I ran out of the room and to the bathroom. I didn't purge though, I just cried. I couldn't get away from this thought:
If I can overcome an eating disorder, and start loving myself as I am (instead of hating myself for what I look like): I can become a sales director.
That is, if I can re-learn how to eat, how to love myself, and become whole through that process, I can do anything. I have been struggling with my career lately, and wondering if I have what it takes to move up, become a sales director, become a leader of women and change lives by sharing the Mary Kay opportunity. I wondered if I have the power to make the decision. I wondered if I have the strength and courage to do the work. But the fact of the matter is, the work involved in becoming a successful businesswoman (especially with this opportunity) is cake compared to what I've accomplished in the last 15 weeks.
Regardless of whether I'm proud of myself or not, I have already achieved something that is ten times more difficult than becoming a sales director. I'm not done yet. I still have to deal with the whole not hating myself part, but what I have already accomplished*' is actually harder than the decision and process of moving forward with my career. Eating disorders kill people because of how hard it is to undo. No career move is that powerful, no matter how difficult it may seem at the time.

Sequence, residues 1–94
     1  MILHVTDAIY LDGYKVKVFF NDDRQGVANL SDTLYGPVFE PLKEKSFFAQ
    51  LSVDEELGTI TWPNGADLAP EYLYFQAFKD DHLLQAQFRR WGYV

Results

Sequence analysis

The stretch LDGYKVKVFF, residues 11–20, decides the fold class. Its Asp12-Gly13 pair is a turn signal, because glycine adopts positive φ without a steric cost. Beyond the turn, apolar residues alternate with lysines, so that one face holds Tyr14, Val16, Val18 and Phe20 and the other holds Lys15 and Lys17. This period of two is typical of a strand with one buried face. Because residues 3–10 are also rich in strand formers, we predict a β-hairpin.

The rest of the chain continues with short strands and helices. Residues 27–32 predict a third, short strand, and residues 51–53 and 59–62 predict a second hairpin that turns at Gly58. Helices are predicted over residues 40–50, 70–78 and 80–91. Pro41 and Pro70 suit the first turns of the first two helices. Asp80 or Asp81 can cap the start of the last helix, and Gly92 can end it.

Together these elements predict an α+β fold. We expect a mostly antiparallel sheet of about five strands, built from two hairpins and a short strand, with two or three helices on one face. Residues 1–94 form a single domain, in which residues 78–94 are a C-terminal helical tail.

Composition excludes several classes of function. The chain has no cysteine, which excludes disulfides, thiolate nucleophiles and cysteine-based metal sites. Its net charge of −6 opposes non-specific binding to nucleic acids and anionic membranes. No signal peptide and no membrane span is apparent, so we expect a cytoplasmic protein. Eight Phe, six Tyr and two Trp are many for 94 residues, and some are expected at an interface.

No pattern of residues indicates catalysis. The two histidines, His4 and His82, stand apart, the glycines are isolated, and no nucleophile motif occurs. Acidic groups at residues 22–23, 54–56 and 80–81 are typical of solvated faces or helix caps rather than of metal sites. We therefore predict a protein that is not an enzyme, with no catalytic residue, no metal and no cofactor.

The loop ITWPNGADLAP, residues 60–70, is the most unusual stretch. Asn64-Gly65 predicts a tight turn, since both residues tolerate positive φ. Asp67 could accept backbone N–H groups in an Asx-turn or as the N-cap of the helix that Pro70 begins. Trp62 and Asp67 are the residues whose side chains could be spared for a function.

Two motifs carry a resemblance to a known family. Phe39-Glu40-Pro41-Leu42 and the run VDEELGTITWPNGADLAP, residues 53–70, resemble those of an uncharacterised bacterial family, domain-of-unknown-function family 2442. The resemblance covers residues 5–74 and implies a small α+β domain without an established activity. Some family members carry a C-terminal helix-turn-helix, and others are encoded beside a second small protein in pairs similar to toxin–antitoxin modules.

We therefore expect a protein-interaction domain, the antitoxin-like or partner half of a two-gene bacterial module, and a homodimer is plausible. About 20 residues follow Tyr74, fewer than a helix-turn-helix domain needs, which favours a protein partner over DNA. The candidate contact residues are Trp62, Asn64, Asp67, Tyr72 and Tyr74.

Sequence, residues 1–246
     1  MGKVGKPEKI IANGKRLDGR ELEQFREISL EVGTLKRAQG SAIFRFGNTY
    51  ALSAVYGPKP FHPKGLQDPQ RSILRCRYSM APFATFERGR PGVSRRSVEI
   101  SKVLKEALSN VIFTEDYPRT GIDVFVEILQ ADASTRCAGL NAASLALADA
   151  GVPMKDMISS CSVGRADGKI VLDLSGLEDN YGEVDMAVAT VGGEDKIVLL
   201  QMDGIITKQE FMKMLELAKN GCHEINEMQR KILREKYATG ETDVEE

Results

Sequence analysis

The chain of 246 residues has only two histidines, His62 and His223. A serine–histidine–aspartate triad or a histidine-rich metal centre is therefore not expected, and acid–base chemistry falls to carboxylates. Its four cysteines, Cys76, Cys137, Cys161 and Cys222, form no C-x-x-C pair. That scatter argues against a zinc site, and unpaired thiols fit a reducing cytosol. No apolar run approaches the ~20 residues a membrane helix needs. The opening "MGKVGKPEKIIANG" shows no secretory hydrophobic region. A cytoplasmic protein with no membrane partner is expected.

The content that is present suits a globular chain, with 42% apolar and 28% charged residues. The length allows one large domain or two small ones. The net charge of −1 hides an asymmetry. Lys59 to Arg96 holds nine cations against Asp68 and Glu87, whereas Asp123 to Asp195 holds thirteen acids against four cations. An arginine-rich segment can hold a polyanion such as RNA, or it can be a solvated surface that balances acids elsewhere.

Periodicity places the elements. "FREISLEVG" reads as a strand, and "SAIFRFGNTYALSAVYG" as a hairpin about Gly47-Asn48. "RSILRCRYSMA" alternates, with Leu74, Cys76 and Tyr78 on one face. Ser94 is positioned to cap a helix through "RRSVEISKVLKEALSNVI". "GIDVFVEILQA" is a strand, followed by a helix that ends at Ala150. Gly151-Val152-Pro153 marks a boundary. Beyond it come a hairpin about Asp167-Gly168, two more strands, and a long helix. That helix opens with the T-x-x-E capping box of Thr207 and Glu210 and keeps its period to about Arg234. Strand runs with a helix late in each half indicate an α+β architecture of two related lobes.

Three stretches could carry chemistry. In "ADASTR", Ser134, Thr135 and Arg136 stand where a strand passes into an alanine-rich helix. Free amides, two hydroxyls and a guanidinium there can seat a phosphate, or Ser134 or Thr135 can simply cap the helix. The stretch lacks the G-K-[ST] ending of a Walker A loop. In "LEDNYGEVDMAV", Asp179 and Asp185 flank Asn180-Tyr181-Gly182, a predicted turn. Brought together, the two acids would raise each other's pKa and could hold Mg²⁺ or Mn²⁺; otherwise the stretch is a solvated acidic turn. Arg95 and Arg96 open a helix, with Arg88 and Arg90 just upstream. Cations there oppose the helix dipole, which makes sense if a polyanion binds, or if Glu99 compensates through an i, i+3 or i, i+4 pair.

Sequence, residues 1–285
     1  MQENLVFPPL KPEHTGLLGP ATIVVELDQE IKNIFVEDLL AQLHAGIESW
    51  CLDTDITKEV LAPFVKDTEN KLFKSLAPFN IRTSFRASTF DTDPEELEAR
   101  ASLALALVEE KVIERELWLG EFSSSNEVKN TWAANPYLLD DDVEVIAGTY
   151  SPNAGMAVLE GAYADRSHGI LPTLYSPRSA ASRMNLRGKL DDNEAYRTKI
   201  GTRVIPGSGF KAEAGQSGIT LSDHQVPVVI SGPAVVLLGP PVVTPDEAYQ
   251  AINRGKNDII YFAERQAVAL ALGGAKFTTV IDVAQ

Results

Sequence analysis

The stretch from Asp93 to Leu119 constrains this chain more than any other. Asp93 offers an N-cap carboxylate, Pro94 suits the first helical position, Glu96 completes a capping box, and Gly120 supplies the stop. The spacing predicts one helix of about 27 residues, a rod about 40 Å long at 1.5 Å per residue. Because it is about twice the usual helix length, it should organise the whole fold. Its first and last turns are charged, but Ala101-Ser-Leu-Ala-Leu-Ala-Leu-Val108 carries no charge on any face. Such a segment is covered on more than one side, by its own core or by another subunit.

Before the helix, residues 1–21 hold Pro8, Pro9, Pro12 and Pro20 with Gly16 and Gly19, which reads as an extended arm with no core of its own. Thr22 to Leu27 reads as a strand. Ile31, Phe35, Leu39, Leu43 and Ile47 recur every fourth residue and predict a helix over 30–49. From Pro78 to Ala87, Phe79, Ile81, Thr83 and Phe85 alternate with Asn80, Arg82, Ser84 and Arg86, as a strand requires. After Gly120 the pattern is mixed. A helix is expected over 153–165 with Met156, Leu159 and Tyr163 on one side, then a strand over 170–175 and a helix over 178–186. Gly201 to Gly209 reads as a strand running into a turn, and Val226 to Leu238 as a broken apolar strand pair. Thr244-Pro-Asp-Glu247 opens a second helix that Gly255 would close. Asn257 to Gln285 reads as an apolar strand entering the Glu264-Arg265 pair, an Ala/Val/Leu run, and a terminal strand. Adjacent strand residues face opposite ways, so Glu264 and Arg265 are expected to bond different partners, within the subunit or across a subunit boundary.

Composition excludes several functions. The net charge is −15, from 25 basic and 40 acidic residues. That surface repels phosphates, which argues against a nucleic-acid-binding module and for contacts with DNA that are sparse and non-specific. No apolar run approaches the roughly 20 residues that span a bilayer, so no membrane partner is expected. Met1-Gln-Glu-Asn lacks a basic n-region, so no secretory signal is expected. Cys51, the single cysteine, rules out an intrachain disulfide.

The realization that I do have the strength and courage to step it up in my business is what made me lose my shit. Of course, now comes the part where I actually do that, and I guess I just have to approach it how I approached beginning recovery: do I want this or not? what are the short and long term costs? what are the short and long term benefits? why do I want this? how dedicated am I? can I just try an experiment where I work my business like a business for a month? 3 months? a year?
And after everything I've already been through, it doesn't seem that hard anymore. I just have to work up my why, make the decision and move forward. The same way I did when I decided to tell you all that I was battling an eating disorder. That scared me, but I did it. I wanted to give up, but I didn't. I'm still struggling, but it hasn't made me give up.
One last thing: none of this would have happened without Mary Kay. I started down the road to recovering from my eating disorder because I wanted to be able to move forward in my career. I realized that this was a problem because of the richness of character in the women I am surrounded by every week. I am grateful for that, and even if I fall on my face and never ever ever ever ever accomplish another thing in my business, at least I have that. Which means that this whole makeup thing isn't about makeup at all.
*An unfortunate bit of colloquy
**Star Team Builder, if you're curious
***National Sales Director
*'It's a challenge even to admit that my recovery is an accomplishment, and I tearfully admitted to the Emperor on the drive home from our event today, that I am filled with shame over having to take this journey, but that's another post entirely.